In the case of the comic, everybody has a pretty clear idea of what quantity of food or drink they would typically consume in a session, but most people probably can't easily visualise what they'd eat in a week, six months or three years.

Re: 1793: "Soda Sugar Comparisons"

Posted: Wed Feb 01, 2017 11:05 am UTC
by markfiend
gothick wrote:I'm guessing us metric people can't buy a 591.47ml bottle—is the nearest we've got the 500ml bottles? Or does that even vary among metric countries?

600ml bottles aren't uncommon; generally they're marketed alongside 500ml bottles with conspicuous "20% extra FREE!" signage.

Re: 1793: "Soda Sugar Comparisons"

Posted: Wed Feb 01, 2017 11:19 am UTC
by chrisjwmartin
That amount of Skittles in six months seems pretty reasonable. And I *know* I could make my way through a candy counter over the course of three years.

This just seems like one of those dumb, innumerate comments where something that's spread over a large amount is presented in comparison with something else that is presented as if it's compressed into a small amount.

"Oh me yarm did u kno tht if evry person in th world gave me a penny i wud hv seventy million dollars? they wudnt even notice it bt id b rly happy so lk it shd happen"
"hey i heared tht u spend three yrs of ur life on th toilet ewww thts gross who wnts 2 spend three yrs on a toilet lol"
"ewww drinking a soda a day for three yrs is lk totes the same as eating a 20-ft candy counter bt lk ud get rly sick if u did tht lol"

Re: 1793: "Soda Sugar Comparisons"

Posted: Wed Feb 01, 2017 11:26 am UTC
by Soupspoon
My main problem with "how much sugar is in the pop* you drink" thing is that I much prefer the taste of aspartame and sucralose in my fizzy drinks (Coke Zero, Pepsi Max, etc, more so than the 'mere' Diet versions, for some reason, so it must be the mix ratios) which means I'm still drinking unhealthily (or at least injuriously, what with the acidity), but it isn't a sugar intake... I may in fact be very low on refined sugar intake, depending on where else they hide it in prepared foods...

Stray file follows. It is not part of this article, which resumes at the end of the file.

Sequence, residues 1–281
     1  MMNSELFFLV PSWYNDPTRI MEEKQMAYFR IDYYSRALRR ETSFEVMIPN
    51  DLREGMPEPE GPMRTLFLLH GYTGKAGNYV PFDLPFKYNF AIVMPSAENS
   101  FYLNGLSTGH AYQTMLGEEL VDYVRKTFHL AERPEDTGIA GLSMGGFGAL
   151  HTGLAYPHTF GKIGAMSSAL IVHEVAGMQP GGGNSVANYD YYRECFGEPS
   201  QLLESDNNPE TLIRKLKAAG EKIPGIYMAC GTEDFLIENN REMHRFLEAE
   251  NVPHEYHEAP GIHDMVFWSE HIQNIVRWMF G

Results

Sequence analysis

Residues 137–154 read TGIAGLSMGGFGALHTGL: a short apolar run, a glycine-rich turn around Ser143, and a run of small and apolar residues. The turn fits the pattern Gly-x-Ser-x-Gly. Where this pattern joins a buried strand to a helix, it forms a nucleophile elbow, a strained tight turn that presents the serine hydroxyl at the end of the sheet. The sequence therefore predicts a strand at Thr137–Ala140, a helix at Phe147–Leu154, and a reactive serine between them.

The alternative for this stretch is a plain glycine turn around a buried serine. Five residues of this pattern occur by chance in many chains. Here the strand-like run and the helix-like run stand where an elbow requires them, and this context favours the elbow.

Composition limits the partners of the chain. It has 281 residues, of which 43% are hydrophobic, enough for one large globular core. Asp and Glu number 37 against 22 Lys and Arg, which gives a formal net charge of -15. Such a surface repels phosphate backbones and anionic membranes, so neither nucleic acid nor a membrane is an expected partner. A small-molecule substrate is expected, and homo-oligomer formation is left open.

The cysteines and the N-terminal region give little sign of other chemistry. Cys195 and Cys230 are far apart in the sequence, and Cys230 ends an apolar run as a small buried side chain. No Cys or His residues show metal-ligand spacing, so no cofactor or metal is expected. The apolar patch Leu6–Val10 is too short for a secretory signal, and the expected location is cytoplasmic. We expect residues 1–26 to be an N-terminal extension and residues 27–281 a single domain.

* - "Soda", but in the local vernacular.

Re: 1793: "Soda Sugar Comparisons"

Posted: Wed Feb 01, 2017 12:24 pm UTC
by ggh
I remember when I was a little girl, the lady next door used to invite me over to look at her parakeet, and would give me a mug of white sugar with a spoon. It was awesome.

Gee, I wonder what's the best way to illustrate how much sugar is in a mug of sugar....

Re: 1793: "Soda Sugar Comparisons"

Posted: Wed Feb 01, 2017 12:54 pm UTC
by speising
ggh wrote:I remember when I was a little girl, the lady next door used to invite me over to look at her parakeet, and would give me a mug of white sugar with a spoon. It was awesome.

Gee, I wonder what's the best way to illustrate how much sugar is in a mug of sugar....

Was she a dentist, per chance?

Re: 1793: "Soda Sugar Comparisons"

Posted: Wed Feb 01, 2017 1:13 pm UTC
by somitomi
ggh wrote:I remember when I was a little girl, the lady next door used to invite me over to look at her parakeet, and would give me a mug of white sugar with a spoon. It was awesome.

Gee, I wonder what's the best way to illustrate how much sugar is in a mug of sugar....

How about bottles of soda?
speising wrote:i'd guess it varies, certainly across the globe, but even the EU had relaxed its regulations for standardized sizes some time ago.
anyway, in my country, we have the usual fizzy drinks in:
0,33l Dose
0,33l Glasflasche
0,5l PET-Flasche
1,0l PET-Flasche
1,5l PET-Flasche
2,0l PET-Flasche

so, 2 * 0,33l would be nearer :)

I don't know if it's just here, but you know which cola started selling 1.25 l and 1.75 l bottles a while ago. What's particularly odd about the latter was the ads going "now there's family sized cola" as if 1) large bottles of soda were a new thing and 2) the large bottle hadn't been 2 liters since time immemorial.
Khrushy wrote: (I mean, I know you know that we all use metric, it's just really awkward to look at the strip and not know if "bottle" means 600mls, 1.25L or 2L)

I was quite taken aback upon learning that things like "cup" and "tablespoon" are an actual defined unit of volume, and not some vaguely defined quantity like "to taste".

Re: 1793: "Soda Sugar Comparisons"

Posted: Wed Feb 01, 2017 1:23 pm UTC
by Flumble
Those skittles sound doable in half a year. And not just doable but tasty as well. I should probably call the dentist and get a bunch of insulin shots before starting the challenge.

speising wrote:ps: it's an endless source of confusion that the US(?) calls those drinks "soda", as a soda is just bubbly water for us. Which bugs me every time the characters in dubbed tv series say the get a mineral water, while they grab a can of coke. (some translators are high school drop outs, i guess)

I could care less about translators being high/secondary school drop outs and not knowing anything about math or biology, but as a translator at least you must know how to translate. It's their job for crying out loud!

Flotter wrote:I had to look it up, but 20 fluid ounce (US) equals 591.47 millilitres.

That means that if a 20 fl oz bottle contains 3 cadbury eggs, one 500 ml bottle contains 5 kinder surprise eggs.

Thanks for the conversion!
Too bad a can of fizzy drink doesn't have 2 surprises inside. :( (or 3 surprises in a small bottle for that matter, because the parts won't fit through the small hole in a can)

Re: 1793: "Soda Sugar Comparisons"

Posted: Wed Feb 01, 2017 1:42 pm UTC
by ggh
speising wrote:
ggh wrote:I remember when I was a little girl, the lady next door used to invite me over to look at her parakeet, and would give me a mug of white sugar with a spoon. It was awesome.